Tuesday, November 8, 2011

Christian Apologist: Skepticism Caused by Hurt from Church

Christian apologists just can't stand the idea that we skeptics actually have good reasons to not believe their mythology. To them, Christian theology is so obviously true that anyone who doesn't believe must have some other reason. If someone is a non-believer, then they must have been beaten by a nun, molested by a priest, shunned for homosexuality, or hurt in some other dastardly fashion by a Christian or by the church.

It just can't be, they say, that someone actually rejects Christianity itself.

The latest salvo of this nature comes from Christian apologist and author Dr. Alex McFarland, whose new book, 10 Answers for Skeptics, purports to have statistics showing that most skeptics were driven away from their faith by bad experiences. In an interview with the Christian Post, McFarland said,
"Through nearly a year of research and numerous personal interviews, my goal was to really get 'inside the mind of the skeptic.' The most common type of skeptics I meet are wounded skeptics. They have been hurt by church, religion, or by another Christian."
The problem with Dr. McFarland's statement is that like so much of Christian apologetics, it uses flawed logic. McFarland makes the reader think that bad experiences caused the skepticism. More importantly, McFarland seems to think that if you can cure the hurt and heal the damage, the ex-Christian skeptics will all come flooding back to their former faith.

McFarland is implying that skeptics are really Christians in their hearts, and it's only the hurt and their pride that have separated them from God.

This is completely wrong.

These ex-Christian skeptics have had their eyes opened. The hurt they suffered gave them a wonderful opportunity to objectively question Christian dogma and mythology. At the same time, it allowed them to consider other philosophies and religions ... and even atheism. They looked at all the injustice, pain, starvation and disease around the world, and realized that the loving Christian God couldn't possibly be real. They looked afresh at the inconsistencies in the Bible, the immorality of a God who commits genocide, infanticide and many other crimes. The old adage, "God works in mysterious ways" suddenly seemed cheap and shallow. And they looked at their own lives and realized that bad stuff happens to good people all the time for no apparent reason. What sort of almighty, loving God would allow that?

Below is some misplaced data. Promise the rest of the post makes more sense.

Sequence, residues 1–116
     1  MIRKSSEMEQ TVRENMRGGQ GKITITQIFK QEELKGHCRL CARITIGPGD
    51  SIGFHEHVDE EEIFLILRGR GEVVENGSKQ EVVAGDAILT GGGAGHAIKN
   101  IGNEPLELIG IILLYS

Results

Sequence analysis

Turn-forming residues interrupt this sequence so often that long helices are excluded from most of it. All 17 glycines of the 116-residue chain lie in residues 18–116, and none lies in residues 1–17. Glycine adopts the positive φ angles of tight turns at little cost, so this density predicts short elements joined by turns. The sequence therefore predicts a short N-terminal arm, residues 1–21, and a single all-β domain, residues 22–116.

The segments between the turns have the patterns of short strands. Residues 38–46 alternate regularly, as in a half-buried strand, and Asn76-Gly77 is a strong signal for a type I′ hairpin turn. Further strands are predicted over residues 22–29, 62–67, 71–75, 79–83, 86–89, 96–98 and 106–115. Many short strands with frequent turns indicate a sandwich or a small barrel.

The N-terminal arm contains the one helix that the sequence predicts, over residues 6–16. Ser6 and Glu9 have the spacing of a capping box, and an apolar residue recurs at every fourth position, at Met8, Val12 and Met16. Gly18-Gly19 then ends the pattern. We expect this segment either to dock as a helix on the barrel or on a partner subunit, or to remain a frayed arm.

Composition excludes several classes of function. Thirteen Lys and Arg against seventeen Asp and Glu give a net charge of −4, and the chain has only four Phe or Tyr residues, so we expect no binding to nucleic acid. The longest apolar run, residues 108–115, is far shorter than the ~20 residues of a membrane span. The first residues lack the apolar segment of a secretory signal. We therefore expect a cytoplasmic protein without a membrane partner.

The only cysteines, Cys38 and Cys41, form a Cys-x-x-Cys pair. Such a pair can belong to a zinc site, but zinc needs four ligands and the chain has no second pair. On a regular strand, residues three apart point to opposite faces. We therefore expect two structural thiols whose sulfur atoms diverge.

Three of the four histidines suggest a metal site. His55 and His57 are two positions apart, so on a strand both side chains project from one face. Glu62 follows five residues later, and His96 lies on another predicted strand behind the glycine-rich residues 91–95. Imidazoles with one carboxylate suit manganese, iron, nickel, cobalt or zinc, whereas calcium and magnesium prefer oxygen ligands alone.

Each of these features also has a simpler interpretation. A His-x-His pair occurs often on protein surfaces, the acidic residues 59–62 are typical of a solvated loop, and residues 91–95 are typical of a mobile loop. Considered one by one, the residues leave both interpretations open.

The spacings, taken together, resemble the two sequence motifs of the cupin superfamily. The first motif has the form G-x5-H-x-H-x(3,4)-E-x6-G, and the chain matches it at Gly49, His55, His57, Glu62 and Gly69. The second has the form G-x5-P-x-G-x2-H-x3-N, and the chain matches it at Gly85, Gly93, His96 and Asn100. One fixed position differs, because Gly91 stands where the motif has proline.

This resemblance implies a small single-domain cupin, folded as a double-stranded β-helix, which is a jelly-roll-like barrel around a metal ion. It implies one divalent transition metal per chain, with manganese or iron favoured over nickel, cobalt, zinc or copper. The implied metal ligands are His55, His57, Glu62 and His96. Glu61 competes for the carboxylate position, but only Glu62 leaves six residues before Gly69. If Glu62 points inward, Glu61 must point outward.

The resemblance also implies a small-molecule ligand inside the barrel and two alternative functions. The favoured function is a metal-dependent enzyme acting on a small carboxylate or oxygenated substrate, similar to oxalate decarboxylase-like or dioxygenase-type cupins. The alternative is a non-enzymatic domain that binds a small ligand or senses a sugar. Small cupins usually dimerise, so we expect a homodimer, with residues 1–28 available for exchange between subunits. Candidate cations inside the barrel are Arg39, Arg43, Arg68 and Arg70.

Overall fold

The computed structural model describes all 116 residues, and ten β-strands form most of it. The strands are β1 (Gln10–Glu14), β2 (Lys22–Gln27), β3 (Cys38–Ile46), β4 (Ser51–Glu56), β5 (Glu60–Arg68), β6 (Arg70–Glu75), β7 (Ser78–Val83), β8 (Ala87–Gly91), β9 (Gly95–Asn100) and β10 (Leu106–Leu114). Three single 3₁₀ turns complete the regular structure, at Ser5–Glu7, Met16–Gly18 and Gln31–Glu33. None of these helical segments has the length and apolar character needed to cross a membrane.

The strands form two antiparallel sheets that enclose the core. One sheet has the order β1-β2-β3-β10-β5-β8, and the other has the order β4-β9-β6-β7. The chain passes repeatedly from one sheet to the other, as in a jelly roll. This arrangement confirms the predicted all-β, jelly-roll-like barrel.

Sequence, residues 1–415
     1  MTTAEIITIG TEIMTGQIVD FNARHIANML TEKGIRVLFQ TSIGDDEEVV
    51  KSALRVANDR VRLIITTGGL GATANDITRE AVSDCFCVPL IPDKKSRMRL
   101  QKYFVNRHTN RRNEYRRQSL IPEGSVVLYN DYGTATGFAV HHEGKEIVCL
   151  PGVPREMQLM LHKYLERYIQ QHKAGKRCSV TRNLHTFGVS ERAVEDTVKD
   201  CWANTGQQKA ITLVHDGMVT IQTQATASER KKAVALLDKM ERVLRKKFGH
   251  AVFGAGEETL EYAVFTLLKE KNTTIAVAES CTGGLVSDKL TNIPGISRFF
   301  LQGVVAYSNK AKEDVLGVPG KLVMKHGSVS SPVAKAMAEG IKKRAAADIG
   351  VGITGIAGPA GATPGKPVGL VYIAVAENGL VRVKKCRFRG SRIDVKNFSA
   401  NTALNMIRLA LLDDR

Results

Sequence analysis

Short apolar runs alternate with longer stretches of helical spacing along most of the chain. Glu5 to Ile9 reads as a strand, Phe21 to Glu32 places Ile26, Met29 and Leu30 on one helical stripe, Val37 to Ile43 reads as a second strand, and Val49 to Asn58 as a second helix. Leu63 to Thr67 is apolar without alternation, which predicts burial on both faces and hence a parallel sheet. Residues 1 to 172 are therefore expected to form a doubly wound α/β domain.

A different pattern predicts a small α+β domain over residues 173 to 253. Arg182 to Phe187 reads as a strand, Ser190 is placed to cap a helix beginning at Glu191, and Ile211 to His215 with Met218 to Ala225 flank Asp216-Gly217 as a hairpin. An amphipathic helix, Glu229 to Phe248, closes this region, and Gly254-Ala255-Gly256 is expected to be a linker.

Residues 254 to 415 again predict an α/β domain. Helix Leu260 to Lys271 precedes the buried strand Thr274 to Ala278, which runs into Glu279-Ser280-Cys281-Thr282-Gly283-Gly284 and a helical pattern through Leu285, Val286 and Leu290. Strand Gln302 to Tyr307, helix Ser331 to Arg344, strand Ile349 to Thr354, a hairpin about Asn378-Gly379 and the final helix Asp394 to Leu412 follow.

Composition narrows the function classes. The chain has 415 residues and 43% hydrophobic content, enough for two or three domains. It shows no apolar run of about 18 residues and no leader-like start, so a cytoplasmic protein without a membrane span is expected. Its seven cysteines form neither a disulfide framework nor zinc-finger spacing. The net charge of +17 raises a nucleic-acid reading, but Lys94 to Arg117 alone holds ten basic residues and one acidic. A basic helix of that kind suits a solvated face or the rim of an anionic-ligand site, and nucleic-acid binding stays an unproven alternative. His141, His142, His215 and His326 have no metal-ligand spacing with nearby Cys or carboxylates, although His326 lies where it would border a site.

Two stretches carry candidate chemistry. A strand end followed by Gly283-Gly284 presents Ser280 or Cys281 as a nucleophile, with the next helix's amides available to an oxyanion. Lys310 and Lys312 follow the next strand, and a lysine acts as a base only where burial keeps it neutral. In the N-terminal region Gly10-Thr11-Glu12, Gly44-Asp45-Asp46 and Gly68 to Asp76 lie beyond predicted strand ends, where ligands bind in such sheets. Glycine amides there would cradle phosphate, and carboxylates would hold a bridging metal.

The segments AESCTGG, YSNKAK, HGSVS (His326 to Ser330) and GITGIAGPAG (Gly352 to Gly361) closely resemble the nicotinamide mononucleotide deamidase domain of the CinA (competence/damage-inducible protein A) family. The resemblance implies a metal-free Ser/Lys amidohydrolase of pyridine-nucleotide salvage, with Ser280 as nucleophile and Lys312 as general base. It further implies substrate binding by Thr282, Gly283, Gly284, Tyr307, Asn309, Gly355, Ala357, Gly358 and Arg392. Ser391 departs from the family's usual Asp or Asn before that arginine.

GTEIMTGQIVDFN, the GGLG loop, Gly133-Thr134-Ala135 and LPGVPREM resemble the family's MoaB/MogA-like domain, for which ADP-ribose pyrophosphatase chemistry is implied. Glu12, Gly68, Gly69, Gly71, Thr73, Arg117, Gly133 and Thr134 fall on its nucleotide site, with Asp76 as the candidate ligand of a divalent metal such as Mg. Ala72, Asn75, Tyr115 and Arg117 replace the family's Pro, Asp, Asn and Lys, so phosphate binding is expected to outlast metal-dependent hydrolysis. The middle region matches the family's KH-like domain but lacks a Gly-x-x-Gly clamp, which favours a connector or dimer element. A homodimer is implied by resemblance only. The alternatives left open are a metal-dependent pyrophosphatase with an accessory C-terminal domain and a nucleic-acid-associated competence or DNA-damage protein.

McFarland is right that hurt by a fellow Christian or the church drives people away from Christianity. The key point he's missing is that once free of Christianity's bonds, people are drawn toward skepticism and atheism by the forces of reason, facts and morality. And once a person's eyes are opened to the wonders of reason and science, there's no going back.

The Abrahamic religions (Christianity, Judaism and Islam) rely on ignorance. They've even developed a pair of synergistic, powerful memes that are a defense against inquisitiveness and thought. I call them the Ignorance is Bliss and Anti-Rationalism memes. The Ignorance is Bliss meme tells believers that everything you need to know is in the Bible, the meek shall inherit the Earth, and that anything (like science) that contradicts the Bible is Satan's work. The Anti-Rationalism meme tells believers that faith is always more powerful than reason. This is the official position of the Roman Catholic Church: no matter what science and reason tell you, faith that you feel in your heart is more important.

I've met many skeptics in my life, particularly since the publication of The Religion Virus, and I can tell you that McFarland is simply wrong. Yes, it's true that many skeptics are former Christians. And many are "wounded" as McFarland says. But I've never met one who was being held back from Christianity by their "wounds." To the last one, they saw the hurtful experience as an opportunity.

They weren't driven from their faith. They were pulled by the truth of reason and science into skepticism and atheism.

And that is what McFarland should really be worried about. He should be looking at the mythology itself. He needs to see why it's so easy to leave Christianity behind once the chains of blind faith are broken.

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Dear readers -- I am no longer blogging and after leaving these blogs open for two years have finally stopped accepting comments due to spammers. Thanks for your interest. If you'd like to write to me, click on the "Contact" link at the top. Thanks! -- CJ.

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